AMP, Quick and Dirty

Accelerated Mobile Pages (AMP) trade userland JavaScript and network-loaded resources for lightning-fast load times. Since AMP is able to constrain resource loading and page rendering, it can save both CPU cycles and bandwidth during page rendering. It’s a compromise, but for content-driven sites it’s certainly worth a look.

Plus it’s easy to do. I start porting this blog mostly out of curiosity, but after half an hour, one new template, one additional build rule, and a little bit of polish with the AMP validator, I had a simple (but functional) AMP-compliant facsimile of the real thing.

Updating the Template

Following the getting started guide, I first created a template exclusively for the AMP route. It shares all of its variables with the route that’s served to desktop browsers, but it allowed me to check AMP’s boxes with no impact on the existing experience. These really only meant a few changes:

  • noting AMP support in the <html ⚡> tag
  • removing all userland <script /> and <style /> tags
  • adding the AMP runtime and <style amp-boilerplate> styles

Not wasn’t my prettiest work–stripping away the base stylesheet will do that–but it was somewhere to start.

Updating the Stylesheet

Next up was the stylesheet. All new, but heavily dependent on existing parts.

/* amp.css */
@import 'normalize.css';
@import 'screen';

.header {
  /* AMP-specific rules go here */
}

Since the site build was already running through gulp. I’d barely added amp.css to the list of source files before a compiled version was ready for injection (as compiledCss.amp) back into the template using an amp-custom style.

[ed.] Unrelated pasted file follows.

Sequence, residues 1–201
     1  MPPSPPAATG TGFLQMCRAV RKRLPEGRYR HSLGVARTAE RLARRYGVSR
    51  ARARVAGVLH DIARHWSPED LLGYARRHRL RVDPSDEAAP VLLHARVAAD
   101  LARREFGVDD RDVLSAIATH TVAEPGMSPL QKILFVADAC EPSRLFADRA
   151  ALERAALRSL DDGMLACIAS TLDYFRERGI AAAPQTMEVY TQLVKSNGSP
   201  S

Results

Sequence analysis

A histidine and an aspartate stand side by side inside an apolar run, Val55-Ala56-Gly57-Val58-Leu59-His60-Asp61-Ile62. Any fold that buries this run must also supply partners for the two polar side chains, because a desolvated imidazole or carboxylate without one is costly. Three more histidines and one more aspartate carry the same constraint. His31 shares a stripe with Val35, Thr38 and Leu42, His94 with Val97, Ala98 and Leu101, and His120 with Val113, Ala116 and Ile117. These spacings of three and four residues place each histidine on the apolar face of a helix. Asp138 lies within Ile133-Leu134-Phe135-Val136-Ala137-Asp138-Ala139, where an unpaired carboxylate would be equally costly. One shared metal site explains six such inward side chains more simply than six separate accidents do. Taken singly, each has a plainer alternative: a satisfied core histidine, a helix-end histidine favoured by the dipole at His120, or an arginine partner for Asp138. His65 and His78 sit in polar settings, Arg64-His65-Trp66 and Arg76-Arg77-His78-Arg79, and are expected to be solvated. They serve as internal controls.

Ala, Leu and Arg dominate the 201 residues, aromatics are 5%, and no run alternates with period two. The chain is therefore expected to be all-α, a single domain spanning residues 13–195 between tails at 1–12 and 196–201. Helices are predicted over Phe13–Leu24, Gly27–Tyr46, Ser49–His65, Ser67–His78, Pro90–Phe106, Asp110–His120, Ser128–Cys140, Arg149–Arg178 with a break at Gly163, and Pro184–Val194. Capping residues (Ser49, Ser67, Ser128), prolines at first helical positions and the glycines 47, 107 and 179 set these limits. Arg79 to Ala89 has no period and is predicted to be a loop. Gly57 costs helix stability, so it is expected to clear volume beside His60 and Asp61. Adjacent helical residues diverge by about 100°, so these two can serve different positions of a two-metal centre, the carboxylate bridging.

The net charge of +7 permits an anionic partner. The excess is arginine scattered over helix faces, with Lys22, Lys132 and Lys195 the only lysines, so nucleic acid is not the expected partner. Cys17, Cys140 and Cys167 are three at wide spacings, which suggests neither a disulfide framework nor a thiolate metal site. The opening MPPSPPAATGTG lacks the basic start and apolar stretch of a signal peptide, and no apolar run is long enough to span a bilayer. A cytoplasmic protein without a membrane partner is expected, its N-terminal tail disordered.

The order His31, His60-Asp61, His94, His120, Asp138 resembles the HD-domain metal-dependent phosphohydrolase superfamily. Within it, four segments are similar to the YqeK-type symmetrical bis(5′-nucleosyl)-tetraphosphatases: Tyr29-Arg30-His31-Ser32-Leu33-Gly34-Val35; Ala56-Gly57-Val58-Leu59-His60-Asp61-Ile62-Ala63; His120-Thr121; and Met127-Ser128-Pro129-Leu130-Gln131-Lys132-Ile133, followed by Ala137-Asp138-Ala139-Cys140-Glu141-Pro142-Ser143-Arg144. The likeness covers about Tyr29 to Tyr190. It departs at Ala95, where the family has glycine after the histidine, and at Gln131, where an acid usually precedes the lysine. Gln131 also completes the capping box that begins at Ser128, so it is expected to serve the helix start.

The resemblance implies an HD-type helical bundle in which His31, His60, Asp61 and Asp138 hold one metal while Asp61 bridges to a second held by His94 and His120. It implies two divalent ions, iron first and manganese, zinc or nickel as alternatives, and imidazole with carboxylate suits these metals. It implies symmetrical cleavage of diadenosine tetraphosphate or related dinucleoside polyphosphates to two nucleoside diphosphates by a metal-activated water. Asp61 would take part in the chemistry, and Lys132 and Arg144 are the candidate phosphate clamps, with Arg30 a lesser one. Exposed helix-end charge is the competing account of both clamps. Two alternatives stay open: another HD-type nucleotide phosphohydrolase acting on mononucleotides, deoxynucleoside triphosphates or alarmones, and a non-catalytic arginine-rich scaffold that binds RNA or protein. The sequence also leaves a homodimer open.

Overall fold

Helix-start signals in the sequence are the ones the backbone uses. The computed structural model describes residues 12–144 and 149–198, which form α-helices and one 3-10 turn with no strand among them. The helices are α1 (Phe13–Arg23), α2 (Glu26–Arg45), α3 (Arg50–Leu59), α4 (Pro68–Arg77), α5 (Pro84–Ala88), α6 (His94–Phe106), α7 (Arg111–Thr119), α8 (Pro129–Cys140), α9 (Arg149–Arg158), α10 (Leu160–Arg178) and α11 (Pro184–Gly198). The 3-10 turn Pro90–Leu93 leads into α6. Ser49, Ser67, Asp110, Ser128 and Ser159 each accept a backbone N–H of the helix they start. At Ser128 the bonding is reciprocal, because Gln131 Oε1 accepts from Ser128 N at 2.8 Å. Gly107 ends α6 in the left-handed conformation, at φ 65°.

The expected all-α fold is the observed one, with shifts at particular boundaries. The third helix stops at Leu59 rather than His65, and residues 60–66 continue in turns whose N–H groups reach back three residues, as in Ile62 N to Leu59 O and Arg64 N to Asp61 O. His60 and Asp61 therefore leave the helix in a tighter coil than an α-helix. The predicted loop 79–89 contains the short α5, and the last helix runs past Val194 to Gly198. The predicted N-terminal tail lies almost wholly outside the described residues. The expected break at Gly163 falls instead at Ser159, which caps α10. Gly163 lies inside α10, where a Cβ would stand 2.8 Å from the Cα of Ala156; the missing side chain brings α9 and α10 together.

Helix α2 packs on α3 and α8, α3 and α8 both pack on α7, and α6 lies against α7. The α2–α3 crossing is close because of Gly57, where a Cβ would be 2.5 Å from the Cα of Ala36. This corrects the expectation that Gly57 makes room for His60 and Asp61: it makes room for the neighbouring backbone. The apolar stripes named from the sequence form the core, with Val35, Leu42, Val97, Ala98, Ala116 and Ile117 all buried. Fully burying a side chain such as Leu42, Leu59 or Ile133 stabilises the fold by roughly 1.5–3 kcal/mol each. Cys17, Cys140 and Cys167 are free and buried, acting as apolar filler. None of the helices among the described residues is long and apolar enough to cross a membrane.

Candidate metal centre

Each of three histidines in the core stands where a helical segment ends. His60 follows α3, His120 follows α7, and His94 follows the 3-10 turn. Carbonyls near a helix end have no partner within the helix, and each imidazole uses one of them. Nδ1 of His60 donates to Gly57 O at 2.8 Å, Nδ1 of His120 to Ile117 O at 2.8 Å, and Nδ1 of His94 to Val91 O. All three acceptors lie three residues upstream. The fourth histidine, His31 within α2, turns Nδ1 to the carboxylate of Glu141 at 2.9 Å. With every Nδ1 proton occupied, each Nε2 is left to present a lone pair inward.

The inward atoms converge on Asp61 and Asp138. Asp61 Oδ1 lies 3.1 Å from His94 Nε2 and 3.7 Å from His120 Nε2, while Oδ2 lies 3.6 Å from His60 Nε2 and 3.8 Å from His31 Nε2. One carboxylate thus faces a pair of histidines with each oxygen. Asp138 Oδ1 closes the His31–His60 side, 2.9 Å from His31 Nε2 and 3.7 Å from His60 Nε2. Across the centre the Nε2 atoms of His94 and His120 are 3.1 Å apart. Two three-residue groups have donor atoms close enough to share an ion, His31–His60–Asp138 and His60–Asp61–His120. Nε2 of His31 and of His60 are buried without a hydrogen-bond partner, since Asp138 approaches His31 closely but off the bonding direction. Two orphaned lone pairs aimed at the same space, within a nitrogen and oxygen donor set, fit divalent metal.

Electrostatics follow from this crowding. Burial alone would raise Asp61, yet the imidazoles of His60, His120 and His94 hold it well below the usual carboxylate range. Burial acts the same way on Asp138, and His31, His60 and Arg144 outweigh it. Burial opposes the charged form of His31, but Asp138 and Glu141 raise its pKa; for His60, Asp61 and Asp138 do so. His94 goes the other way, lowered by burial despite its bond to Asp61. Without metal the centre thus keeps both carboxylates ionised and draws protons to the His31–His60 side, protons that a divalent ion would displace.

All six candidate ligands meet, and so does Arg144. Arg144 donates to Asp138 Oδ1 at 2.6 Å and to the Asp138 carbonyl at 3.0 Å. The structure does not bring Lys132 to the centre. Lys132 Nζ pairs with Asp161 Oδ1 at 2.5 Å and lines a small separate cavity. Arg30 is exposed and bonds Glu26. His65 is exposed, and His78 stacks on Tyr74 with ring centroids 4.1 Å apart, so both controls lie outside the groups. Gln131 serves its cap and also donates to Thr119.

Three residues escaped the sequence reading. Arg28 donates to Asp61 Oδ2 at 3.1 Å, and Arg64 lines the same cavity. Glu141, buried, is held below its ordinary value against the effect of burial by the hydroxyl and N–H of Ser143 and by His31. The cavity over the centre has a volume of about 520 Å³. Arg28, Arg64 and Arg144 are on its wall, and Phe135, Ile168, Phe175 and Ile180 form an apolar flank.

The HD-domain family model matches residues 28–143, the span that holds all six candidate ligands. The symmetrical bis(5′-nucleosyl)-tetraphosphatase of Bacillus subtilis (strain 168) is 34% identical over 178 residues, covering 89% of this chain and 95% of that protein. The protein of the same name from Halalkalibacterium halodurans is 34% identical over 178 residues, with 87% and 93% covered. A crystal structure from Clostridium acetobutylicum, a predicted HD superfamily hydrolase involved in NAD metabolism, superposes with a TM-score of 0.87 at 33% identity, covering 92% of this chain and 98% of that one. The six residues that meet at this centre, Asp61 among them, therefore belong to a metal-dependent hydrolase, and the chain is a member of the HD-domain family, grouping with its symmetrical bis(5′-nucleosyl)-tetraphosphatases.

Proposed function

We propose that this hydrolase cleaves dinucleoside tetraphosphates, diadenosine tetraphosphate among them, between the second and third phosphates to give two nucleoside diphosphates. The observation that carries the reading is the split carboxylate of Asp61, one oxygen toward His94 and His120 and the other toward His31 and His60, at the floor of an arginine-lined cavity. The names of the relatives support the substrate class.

<style amp-custom>
{{{compiledCss.amp}}}
</style>

Restoring Analytics

Most modern analytics libraries use JavaScript for tracking–streng verboten in AMP. But since the format is designed with advertisers in mind, the <amp-analytics> provides a reasonable alternative (with pretty good vendor support). I imported it into the AMP template just after the core library.

<head>
  <meta charset="utf-8">
  <script async src="https://cdn.ampproject.org/v0.js"></script>

  <script async custom-element="amp-analytics"
    src="https://cdn.ampproject.org/v0/amp-analytics-0.1.js"></script>
  <!-- ... -->

Setting up tracking (e.g. Google Analytics) just meant adding an <amp-analytics> element inside the existing page <body />:

<amp-analytics type="googleanalytics">
<script type="application/json">
{
  "vars": {
    "account": "UA-XXXXXXXX-X"
  },
  "triggers": {
    "trackPageview": {
      "on": "visible",
      "request": "pageview"
    }
  }
}
</script>
</amp-analytics>

Referencing the AMP page from the original page

All that work and no-one to see it? Switching back to the desktop template, I added a <link /> to the AMP version of the page:

<link rel="canonical" href="{{url.self}}" />
<link rel="amphtml" href="{{url.selfAMP}}" />

Thirty minutes in, and things were ready for finishing touches. Chrome has AMP validation built-in; by browsing the local development site with #development=1 in the URL hash, I was able to find and fix lingering issues with the implementation. I sanded down the rough edges, and voila! v0.1 was off to the races.

Conclusion

While the step-by-step details here may help you get up and running, the more important message here is for other emerging technologies. When big business depends on pulling the internet onto a new standard–and make no mistake, alongside the noble mission of ‘make the web fast’, AMP also happens to be very well suited for selling ads–decent documentation and tooling go a long way.

Water runs downstream. Make adoption easy and adoption will come!

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Hey, I'm RJ: digital entomologist and intermittent micropoet, writing from the beautiful Rose City.